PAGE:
U.S. GDP Shrank 3.8% Last Quarter, Most Since 1982

The U.S. economy shrank the most since 1982 in the fourth quarter of last year as consumer spending recorded the worst slide in the postwar era, a trajectory that’s likely to continue in coming months.

To view dictionary popup window put your cursor on the blue scripture words.
Perplexity

“…upon the earth distress of nations, with perplexityStrongs 640: aporia, ap-or-ee´-a; from the same as 639; a (state of) quandary:—perplexity.
Strongs 639: aporeo, ap-or-eh´-o; from a compound of 1 (as a negative particle) and the base of 4198; to have no way out, i.e. be at a loss (mentally):— (stand in) doubt, be perplexed
….”
—Luke 21:25

The 3.8 percent annual pace of contraction in the final three months of last year was less than forecast, with a buildup of unsold goods cushioning the blow. Without the jump in inventories, the contraction would have been 5.1 percent, the Commerce Department said today in Washington.

“It looks like the economy carried a lot of negative momentum into the first quarter,” former Fed Governor Laurence Meyer, said in an interview with Bloomberg Television.

The economy is likely to contract further after retailers and manufacturers from Starbucks Corp. to Boeing Co. this week announced plans to slash payrolls and cut production to get rid of unwanted goods. Today’s report will maintain the pressure on President Barack Obama to win quick congressional approval of a fiscal stimulus package in excess of $800 billion.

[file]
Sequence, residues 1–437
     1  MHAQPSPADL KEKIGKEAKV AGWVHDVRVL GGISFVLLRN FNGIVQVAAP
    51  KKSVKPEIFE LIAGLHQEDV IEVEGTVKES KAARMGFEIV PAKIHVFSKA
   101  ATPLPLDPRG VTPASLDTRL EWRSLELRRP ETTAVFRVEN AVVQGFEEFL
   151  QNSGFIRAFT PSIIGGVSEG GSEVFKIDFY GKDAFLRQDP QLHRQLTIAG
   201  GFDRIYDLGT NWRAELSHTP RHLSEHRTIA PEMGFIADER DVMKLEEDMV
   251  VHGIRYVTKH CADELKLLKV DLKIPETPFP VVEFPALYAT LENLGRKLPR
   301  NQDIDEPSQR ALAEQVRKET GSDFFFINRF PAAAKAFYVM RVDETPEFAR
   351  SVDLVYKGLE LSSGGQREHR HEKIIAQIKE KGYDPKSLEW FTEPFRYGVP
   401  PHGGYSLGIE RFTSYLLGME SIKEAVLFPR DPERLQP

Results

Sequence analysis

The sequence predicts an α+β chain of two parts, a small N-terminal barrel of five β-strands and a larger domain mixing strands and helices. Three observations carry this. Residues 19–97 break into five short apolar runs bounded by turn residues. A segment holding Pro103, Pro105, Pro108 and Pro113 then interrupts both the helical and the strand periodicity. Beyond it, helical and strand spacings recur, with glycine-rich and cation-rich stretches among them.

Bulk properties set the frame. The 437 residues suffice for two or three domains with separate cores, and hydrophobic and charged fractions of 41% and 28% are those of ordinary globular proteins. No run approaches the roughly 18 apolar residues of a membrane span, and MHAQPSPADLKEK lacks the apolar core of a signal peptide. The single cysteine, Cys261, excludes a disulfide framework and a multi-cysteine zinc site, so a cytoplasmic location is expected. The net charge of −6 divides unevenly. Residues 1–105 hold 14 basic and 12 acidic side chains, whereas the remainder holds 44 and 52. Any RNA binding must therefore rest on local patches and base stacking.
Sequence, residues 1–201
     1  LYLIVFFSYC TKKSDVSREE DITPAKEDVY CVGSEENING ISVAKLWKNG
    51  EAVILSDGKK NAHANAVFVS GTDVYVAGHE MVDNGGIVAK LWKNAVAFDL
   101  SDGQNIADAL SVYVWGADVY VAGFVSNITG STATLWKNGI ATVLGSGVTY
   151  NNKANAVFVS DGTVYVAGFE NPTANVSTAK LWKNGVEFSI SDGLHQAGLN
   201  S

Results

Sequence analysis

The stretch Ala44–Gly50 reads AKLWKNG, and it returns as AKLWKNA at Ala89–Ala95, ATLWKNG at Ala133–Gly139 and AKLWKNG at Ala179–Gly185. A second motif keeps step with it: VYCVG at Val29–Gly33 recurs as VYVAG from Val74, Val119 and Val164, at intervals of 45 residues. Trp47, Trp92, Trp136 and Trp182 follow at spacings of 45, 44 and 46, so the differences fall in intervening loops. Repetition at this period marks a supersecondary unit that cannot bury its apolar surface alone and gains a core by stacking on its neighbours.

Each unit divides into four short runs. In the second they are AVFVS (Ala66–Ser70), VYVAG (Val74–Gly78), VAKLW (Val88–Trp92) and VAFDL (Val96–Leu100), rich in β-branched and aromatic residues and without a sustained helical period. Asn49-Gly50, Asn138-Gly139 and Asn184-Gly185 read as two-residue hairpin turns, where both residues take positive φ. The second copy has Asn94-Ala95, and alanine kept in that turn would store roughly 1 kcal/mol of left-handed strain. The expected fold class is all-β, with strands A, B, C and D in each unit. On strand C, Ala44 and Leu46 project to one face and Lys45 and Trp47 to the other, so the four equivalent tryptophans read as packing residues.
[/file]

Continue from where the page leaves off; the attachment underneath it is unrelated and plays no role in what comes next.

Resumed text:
“Without the stimulus plan, the economy would be flat to declining in the second half of the year,” Meyer said. With the recovery package, the unemployment rate may peak at 8 percent instead of 9.5 percent or higher, he added.

Stocks, Treasuries

Stock-index futures headed higher after the report as some investors were encouraged by the smaller drop in gross domestic product than forecast. Contracts on the Standard & Poor’s 500 Stock Index rose 0.2 percent to 844.10 at 8:52 a.m. in New York. Treasuries advanced, sending benchmark 10-year note yields to 2.80 percent from 2.86 percent late yesterday.

GDP was forecast to contract at a 5.5 percent annual pace last quarter, according to the median estimate of 79 economists surveyed by Bloomberg News. Projections ranged from declines of 3 percent to 7 percent.

Consumer spending, which accounts for more than two-thirds of the U.S. economy, dropped at a 3.5 percent annual rate last quarter following a 3.8 percent drop the previous three months. It’s the first time purchases declined by more than 3 percent in consecutive quarters since records began in 1947.

The world’s largest economy shrank at a 0.5 percent annual rate from July through September. The back-to-back contraction is the first since 1991.

2008 Performance

For all of 2008, the economy expanded 1.3 percent as a boost from exports and government tax rebates in the first half of the year helped offset the deepening spending slump.

Congress is considering a two-year fiscal stimulus package supported by Obama. House lawmakers this week passed the $819 billion measure.

The GDP price gauge dropped at a 0.1 percent annual pace in the fourth quarter, the most since 1954, reflecting the slump in commodity prices. The Federal Reserve’s preferred measure, linked to consumer spending and excluding food and fuel, rose at a 0.6 percent pace, the least since 1962.